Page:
Two things have cropped up this week in the media, which I thought I would flag. One is the massive step by the UK Government to declare a ‘climate change emergency’ and the other was the article in the South China Post (SCMP) yesterday on the state of the tilapia farming business.
I think one must catch up on these developments oneself as they are very material, but I’ll just give some food for thought to kick the cerebral into gear.
The move by the UK Government, the first national government to declare such an emergency, marks a renewed sense of urgency in tackling climate change. I am impressed that it is the youth who have mainly taken this one ‘by the horns’ and are enforcing change. While there is no precise definition of what constitutes action to meet such an emergency, the move has been likened to putting the country on a “war footing”, with climate and the environment at the very centre of all government policy, rather than being on the fringe of political decisions.
Of course, Government will dilly dally, and the matter will be again debated, and disputed. But, as I have said in previous blogs, climate change could be a natural progression of earth changes, but I would suggest that we are exacerbating the change whereas with planning and sensible strategies we could slow and mitigate the change somewhat so we humans, can adapt.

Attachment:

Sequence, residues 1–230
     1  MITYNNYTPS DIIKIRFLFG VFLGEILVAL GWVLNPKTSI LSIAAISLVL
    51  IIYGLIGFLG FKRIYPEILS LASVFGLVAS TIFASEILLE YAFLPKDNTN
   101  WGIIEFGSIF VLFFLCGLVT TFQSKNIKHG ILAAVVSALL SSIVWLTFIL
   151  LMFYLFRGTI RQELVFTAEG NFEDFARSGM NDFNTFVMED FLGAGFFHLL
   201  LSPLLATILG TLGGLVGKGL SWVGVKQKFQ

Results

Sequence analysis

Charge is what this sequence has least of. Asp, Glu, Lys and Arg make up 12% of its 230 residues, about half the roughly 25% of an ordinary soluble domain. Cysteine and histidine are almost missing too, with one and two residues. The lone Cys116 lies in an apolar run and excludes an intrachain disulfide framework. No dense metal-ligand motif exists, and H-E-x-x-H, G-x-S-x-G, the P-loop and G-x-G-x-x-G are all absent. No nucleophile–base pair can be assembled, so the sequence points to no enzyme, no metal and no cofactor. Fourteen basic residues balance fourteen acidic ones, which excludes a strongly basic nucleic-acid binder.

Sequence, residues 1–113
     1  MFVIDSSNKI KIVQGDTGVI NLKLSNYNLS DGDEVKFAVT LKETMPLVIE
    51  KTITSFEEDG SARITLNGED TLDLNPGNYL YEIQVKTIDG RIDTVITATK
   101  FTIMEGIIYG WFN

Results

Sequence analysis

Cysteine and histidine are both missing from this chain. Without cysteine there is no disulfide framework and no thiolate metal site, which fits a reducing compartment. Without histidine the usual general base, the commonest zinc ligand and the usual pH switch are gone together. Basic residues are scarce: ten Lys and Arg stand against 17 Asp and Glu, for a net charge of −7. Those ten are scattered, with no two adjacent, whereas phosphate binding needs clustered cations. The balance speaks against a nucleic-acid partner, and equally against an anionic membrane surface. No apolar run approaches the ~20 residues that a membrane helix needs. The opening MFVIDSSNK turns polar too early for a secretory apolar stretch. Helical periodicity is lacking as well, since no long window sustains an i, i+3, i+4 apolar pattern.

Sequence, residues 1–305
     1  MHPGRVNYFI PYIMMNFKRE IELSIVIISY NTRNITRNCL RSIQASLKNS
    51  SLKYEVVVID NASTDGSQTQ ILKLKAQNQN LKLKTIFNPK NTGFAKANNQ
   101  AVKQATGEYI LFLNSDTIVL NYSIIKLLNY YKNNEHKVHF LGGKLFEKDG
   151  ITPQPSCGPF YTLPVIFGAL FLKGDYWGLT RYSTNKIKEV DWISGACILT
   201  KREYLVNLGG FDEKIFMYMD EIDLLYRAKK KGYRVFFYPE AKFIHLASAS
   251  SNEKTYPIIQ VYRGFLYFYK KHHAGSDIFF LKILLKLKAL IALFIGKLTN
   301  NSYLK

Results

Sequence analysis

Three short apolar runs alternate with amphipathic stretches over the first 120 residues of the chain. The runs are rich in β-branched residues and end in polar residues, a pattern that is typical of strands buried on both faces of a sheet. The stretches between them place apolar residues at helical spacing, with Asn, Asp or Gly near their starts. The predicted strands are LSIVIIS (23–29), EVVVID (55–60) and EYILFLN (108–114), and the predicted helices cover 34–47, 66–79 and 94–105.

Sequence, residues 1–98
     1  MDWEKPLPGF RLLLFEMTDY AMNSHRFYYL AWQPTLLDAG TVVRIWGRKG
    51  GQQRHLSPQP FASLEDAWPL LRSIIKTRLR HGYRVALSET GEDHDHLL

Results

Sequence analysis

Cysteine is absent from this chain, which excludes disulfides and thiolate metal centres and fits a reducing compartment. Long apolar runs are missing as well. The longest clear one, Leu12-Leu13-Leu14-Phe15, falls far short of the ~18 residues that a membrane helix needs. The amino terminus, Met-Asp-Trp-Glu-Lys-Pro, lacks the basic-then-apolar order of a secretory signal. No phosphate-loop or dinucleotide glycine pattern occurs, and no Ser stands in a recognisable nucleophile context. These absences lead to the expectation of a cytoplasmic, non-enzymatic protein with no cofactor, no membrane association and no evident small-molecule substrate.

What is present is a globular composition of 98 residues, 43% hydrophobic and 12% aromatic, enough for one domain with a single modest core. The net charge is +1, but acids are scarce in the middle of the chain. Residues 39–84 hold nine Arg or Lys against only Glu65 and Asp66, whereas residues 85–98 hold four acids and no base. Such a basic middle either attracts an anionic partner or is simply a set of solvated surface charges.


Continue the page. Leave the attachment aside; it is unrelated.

This leads me to the second matter, an untreatable disease threatening to wipe our farmed tilapia. ( SCMP Stuart Heaver 06.05.2019). My company is all about sustainability and the provision of responsibly sourced seafoods. We try to educate people to buy ONLY sustainable sourced seafood, and wild catch only seasonally. However, the oceans are still in a depleted state and to meet worlds demand for protein, the deficit in supply from wild catch has to be met by aquaculture. 42 percent of all fish consumed is actually farm raised. Global production of tilapia is at 6.3 trillion tonnes with an estimated market value of USD 9.8 billion. It is a huge and necessary business.
Last year there were issues with Pangasisus/ basa/ Vietnamese sole production( an improper name ), this being the other main source of aquaculture raised fish. Production reduced and prices increased substantially. Aquaculture like farming is very fickle. You are exposed to what nature brings. Tilapia production is now threatened by a strange virus named the Tilapia lake virus ( Tilapia tilapinevirus), which is effecting production in over 13 nations. This is serious.
My reason for mentioning this is of course climate change?? Could this partially be the cause? Without any definite proof I cannot say, BUT having experienced the death of a whole year’s crop of oysters I would say ‘Yes’. MY own experience was due to a slight increase in water temperature, the oysters died of an innate virus that become alive and aggressive due to the temperature.
Again, let’s take care of the earth and the oceans. Let’s become more aware. Next week, in the same context Ill talk about the death of oyster farming in Hong Kong.
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